But how do we summarize all this? Certainly it is epical. Not wholly the epic of an exterior world, like Tolstoy’s War and Peace, nor wholly the epic of an interior world, like Proust’s Remembrance of Things Past, but an epic of what we might call altered states of consciousness, those strange liminal experiences that each of us encounter when caught in throes of a profound transformation. For, on one level, the work is about the transformation of a single person,in a single year. The year in this case traversing that fateful period in American and World history from the selection of George W. Bush as president to the apocalyptic post 9/11 decision to wage an Orwellian perpetual war, not on a country, nor on a peoples, nor on a government, nor even on a belief system, but a war on a tactic, the ghost of a ghost: terrorism. So, we could say that this institutionalization of terror to defeat terror in a world so intimately connected as our own has mandated not only a new way of thinking, but a new way of being, a new way of being in which the ostensible narrator of A Monument of Wonders is a prototype.


This is the story of a rather buffoonish and isolated nobody, whose mind and body is fractally distributed through all times and all places to become Everyone. Yet on another, and for the reader, a far more intimate level, A Monument of Wonders is a kind of time-consciousness-language organism that, like a benevolent virus, gets inside the head and effects a similar transformation. The work is full of the uncanny, the unexpected arising from the ordinary, a creature more process than product, which, one gets the feeling, has a perpetually open-endedness about it, as if the words that we read are awaiting the addition of the words we are yet to write, in order to fulfill a secret mutual mission.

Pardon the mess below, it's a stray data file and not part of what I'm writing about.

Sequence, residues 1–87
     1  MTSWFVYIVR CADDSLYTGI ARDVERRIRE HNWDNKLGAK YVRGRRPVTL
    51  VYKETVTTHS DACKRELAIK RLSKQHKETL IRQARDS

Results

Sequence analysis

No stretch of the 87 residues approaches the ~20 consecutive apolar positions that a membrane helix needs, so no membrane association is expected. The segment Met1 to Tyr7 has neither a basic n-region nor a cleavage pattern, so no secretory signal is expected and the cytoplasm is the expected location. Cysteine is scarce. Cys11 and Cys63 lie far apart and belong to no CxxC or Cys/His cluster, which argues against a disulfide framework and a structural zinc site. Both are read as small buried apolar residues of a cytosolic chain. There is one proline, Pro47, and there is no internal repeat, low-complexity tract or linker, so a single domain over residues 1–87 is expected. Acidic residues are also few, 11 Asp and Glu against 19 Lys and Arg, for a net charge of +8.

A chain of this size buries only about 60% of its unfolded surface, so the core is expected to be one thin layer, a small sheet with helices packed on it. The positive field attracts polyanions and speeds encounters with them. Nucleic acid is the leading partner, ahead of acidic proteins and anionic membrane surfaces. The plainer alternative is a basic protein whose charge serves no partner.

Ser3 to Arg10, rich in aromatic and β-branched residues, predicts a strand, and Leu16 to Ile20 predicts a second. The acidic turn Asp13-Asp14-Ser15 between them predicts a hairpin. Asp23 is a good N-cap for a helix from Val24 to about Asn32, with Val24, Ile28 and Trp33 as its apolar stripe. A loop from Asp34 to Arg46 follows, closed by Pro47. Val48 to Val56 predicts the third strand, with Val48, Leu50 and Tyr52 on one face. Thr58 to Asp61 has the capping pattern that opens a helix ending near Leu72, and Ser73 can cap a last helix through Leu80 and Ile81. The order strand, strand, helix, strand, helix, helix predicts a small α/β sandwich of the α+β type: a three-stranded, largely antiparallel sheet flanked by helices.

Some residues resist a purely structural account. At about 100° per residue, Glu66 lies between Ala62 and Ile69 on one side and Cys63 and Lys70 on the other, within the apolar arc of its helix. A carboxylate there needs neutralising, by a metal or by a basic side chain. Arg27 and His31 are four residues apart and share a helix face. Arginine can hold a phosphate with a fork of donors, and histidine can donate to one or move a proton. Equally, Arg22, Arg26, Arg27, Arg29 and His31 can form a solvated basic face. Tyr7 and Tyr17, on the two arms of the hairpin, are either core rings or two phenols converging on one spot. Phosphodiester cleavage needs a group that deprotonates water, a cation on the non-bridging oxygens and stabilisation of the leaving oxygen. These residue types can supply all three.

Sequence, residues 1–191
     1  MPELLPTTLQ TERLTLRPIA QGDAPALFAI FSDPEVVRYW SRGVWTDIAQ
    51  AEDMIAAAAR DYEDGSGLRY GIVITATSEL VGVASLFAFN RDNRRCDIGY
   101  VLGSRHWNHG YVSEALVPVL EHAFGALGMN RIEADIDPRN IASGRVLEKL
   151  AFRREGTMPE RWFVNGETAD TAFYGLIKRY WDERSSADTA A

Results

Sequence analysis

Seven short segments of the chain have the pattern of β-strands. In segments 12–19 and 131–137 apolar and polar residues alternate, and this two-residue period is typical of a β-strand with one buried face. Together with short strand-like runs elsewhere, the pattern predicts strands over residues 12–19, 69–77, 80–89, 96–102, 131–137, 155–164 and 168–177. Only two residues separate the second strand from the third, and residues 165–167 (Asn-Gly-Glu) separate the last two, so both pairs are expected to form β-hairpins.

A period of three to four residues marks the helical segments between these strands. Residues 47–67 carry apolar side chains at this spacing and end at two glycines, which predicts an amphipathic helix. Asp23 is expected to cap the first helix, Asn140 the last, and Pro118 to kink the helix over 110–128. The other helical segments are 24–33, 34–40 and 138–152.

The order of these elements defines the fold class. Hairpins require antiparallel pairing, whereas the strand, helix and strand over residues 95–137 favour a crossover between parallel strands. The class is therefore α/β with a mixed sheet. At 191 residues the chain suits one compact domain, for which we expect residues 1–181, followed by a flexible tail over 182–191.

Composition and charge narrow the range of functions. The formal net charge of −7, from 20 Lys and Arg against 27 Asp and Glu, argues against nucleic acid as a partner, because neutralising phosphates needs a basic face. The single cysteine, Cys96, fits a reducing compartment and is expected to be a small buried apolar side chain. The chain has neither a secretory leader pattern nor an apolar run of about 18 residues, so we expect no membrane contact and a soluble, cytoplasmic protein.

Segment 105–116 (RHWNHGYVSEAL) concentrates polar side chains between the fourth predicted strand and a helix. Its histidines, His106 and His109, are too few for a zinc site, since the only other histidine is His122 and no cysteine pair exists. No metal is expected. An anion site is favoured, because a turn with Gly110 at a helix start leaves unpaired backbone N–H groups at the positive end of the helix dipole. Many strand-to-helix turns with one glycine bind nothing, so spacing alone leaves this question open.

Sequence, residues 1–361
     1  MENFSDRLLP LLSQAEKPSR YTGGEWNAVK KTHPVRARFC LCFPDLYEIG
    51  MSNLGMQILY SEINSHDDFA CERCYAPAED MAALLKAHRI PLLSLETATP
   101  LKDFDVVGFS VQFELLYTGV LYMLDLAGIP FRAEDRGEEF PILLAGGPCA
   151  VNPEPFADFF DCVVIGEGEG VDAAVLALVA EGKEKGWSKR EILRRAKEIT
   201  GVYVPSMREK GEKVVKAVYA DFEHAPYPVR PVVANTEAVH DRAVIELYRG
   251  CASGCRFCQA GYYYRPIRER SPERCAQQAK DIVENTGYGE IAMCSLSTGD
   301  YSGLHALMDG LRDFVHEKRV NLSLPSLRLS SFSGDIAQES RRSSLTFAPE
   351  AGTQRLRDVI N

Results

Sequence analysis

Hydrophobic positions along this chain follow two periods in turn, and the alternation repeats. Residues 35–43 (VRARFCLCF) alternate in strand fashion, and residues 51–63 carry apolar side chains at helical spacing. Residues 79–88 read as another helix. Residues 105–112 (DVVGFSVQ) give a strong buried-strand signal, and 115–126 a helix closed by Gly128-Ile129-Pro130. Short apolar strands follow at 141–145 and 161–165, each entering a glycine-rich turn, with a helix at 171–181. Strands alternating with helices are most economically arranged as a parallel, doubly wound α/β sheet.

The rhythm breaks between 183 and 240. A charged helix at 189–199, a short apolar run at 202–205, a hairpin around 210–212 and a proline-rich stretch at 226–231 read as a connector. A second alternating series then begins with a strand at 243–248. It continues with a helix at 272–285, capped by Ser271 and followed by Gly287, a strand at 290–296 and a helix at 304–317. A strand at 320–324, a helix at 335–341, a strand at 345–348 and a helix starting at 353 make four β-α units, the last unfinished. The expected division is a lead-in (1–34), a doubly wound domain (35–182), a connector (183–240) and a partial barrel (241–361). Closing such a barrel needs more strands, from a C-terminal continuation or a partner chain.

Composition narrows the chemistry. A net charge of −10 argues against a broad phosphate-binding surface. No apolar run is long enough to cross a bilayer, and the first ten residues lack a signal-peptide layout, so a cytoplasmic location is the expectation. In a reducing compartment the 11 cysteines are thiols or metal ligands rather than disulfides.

As we read A Monument of Wonders, it soon becomes apparent that how we read, how we discover in ourselves the gist of what we read, is a major attribute of the work’s power. This is a work that we do not find, but rather one that finds us. The introduction speaks of “the strange circumstances in which people claim to have discovered the manuscript . . . Copies or bits of copies have been discovered by farmers plowing, by plumbers plumbing, in attic trunks, in disinterred coffins, among the medical files of those who have died astonishing deaths, woven into the cylinders of birds’ nests, matted in the midden heaps of archeological digs, scattered amidst the bones in wolf dens, vomited from the skies during frog or fish falls, even comically interpolated into law books and into the tedious annals of The Congressional Record.” The author is perhaps reminding us here that A Monument of Wonders is only an excerpt appropriated from the total content of our total experience, and the part or parts salient to us are the parts that catch us, and fold us back into the whole. We are one poem in the vast amalgamation of all poetry, or as one of the many poems in the work expresses it, one of the . . .


Voices Without Speakers


To be chosen is to be touched by force.

To resist is to be brittle and to break.

The personal is brittle. Understand

That brokenness is a prerequisite

To power, that the sea’s mouth is empty,

That the wren commands the whole domain of flight.


A grass blade suckles fire from earth’s water.

Understand that prophesy is a storm

Where the prophetic rest in supplication.

They are not brittle. They are impersonal.

Their voices speak the fires of the earth,

Whose fires speak the greenness of the sun.